herring_RN, BCgradnurse, and TopazLover like this.
  12. Visit  TopazLover profile page
    1
    I recently got this email and am passing it on to those who would like a sweet future, or even any future.

    Bee populations are in serious jeopardy. That's why Congressman John Conyers and I just introduced the Save America's Pollinators Act, which would suspend the use of bee killing pesticides. With the help of CREDO’s new petition site, I’m gathering support to alert my colleagues in the United States Congress to this important cause. My petition says the following:


    From flowers to chocolate, berries to tequila, pollinators are integral to the planet, economy, and many aspects of our lives. In fact, the USDA estimates that about one in every three bites of food is either directly or indirectly made possible by bee pollination. Both our environment and food supply are inextricably tied to the welfare of bees, making the decrease in bee populations a cause for great alarm.
    The death of 50,000 bees after the neonicotinoid dinotefuran was applied in Wilsonville, Oregon last month is a wake-up call.
    The Oregon Department of Agriculture is investigating the die-off and is temporarily restricting the use of 18 pesticide products containing dinotefuran, and the Environmental Protection Agency is currently reviewing the use of these chemicals. However, that review is not scheduled to be completed for another five years. Meanwhile, Europe has already moved forward with restrictions on the use of neonicotinoids.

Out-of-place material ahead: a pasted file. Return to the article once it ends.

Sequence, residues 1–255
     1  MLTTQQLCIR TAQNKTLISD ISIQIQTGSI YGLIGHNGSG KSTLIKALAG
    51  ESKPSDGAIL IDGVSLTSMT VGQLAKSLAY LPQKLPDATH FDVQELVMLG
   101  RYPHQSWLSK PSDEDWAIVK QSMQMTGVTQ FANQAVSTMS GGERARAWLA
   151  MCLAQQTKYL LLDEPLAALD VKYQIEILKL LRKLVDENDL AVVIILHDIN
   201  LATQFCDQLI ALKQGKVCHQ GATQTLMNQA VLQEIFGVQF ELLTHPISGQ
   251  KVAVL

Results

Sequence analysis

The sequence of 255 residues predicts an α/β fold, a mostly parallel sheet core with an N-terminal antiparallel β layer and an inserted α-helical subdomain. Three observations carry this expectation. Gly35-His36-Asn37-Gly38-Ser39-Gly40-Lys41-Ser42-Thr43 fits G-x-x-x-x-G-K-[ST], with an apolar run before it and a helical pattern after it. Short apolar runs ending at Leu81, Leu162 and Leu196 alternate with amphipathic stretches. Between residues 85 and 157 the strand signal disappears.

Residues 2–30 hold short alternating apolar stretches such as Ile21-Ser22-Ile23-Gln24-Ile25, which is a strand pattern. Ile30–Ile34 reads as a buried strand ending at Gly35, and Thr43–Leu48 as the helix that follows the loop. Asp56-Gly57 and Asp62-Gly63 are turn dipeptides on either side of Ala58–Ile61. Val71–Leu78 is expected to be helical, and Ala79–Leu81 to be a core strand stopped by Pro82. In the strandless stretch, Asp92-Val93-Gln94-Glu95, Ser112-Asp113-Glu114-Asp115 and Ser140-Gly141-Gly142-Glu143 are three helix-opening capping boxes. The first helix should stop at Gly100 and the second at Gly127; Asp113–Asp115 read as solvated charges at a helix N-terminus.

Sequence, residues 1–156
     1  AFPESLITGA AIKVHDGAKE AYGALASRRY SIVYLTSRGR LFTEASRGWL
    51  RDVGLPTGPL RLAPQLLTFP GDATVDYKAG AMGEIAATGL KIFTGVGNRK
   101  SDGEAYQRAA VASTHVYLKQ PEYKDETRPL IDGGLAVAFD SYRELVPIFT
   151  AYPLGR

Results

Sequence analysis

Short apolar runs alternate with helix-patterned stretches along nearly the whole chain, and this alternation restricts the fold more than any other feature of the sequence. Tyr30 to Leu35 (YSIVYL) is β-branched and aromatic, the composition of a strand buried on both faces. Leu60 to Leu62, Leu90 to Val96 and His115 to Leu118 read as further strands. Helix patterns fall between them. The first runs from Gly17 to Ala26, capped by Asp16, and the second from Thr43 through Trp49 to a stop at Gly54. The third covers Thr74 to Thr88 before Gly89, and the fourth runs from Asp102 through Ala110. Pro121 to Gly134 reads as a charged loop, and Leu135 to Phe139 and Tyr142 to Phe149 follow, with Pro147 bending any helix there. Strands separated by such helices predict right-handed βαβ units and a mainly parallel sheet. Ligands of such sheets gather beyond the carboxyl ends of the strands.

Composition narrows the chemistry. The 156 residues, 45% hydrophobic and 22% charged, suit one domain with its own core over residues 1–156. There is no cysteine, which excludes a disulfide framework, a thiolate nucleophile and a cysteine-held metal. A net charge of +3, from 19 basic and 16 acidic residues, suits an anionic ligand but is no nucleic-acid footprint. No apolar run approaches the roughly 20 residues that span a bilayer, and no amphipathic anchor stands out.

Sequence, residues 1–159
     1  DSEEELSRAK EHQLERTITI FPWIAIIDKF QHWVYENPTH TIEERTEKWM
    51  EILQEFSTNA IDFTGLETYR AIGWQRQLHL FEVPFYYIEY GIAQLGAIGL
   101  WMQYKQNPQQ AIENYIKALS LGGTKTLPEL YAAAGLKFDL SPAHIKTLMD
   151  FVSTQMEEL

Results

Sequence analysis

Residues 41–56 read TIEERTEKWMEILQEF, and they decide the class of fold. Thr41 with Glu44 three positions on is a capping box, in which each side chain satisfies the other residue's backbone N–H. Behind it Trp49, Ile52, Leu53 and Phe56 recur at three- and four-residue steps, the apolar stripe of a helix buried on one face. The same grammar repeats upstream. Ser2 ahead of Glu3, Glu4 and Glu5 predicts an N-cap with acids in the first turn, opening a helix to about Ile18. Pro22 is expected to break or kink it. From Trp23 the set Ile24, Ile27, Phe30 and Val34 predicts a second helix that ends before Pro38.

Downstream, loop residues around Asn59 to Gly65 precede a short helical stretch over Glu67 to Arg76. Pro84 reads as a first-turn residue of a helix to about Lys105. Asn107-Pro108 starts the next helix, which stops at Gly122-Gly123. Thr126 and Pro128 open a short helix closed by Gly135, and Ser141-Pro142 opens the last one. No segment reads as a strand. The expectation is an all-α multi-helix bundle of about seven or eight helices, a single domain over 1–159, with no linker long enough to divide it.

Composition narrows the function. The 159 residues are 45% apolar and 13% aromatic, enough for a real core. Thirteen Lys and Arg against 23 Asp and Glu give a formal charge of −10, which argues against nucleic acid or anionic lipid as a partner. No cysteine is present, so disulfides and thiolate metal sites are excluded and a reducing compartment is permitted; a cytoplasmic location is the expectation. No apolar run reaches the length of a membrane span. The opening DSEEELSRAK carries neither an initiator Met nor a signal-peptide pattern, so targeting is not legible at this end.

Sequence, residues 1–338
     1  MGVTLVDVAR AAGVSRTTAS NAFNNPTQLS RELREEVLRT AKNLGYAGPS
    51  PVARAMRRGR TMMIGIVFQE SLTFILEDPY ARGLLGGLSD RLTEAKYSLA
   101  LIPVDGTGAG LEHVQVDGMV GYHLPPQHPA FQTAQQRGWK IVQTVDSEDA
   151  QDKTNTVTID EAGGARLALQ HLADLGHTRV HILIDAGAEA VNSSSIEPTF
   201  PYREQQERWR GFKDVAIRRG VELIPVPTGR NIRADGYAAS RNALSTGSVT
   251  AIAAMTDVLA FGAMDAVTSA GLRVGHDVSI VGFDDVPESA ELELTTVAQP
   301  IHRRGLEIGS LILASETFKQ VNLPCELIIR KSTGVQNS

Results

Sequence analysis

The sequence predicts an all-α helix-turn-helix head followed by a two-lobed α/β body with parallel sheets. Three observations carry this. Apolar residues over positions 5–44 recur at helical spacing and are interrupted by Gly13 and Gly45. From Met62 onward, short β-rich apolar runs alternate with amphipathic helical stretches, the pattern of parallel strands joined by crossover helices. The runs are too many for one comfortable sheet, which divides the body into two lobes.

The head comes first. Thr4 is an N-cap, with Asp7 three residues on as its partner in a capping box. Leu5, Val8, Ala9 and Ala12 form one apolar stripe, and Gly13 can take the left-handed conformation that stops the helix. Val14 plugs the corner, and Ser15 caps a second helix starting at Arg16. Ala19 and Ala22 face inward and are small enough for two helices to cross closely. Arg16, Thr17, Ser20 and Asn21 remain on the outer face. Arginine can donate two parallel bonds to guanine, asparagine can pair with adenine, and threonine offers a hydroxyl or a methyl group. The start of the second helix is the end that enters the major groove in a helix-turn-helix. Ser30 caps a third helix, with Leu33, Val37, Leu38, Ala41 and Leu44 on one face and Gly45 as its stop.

We must act now. Last week I introduced H.R. 2692, the Save America's Pollinators Act, with my friend Congressman John Conyers to suspend certain uses of neonicotinoids until the Environmental Protection Agency reviews these chemicals and makes a new determination about their proper application and safe use. This will increase pressure on the EPA to speed its review before another mass bee die-off occurs.
    Raising public awareness of the integral role of pollinators to the world, the precarious state of their population, and what we can do to protect them is of the utmost importance. I hope you’ll join me as a citizen co-sponsor of this important legislation.
    Will you join me and add your name to my petition to the United States Congress, to demand that it stops the pesticides that are killing bees?
    Thank you for your support.
    Congressman Earl Blumenauer
    StNeotser likes this.
  13. Visit  StNeotser profile page
    1
    Thanks They have over 308,000 signatures as of now.
    herring_RN likes this.
  14. Visit  OCNRN63 profile page
    3
    When I was in high school, my father kept several bee hives. It was very interesting watching him out there in his bee garb, "smoking" them so he could harvest the honey. If you have never eaten honey straight off the comb, you do not know what you're missing. (And I'm not talking about the honeycomb you can buy in the store.)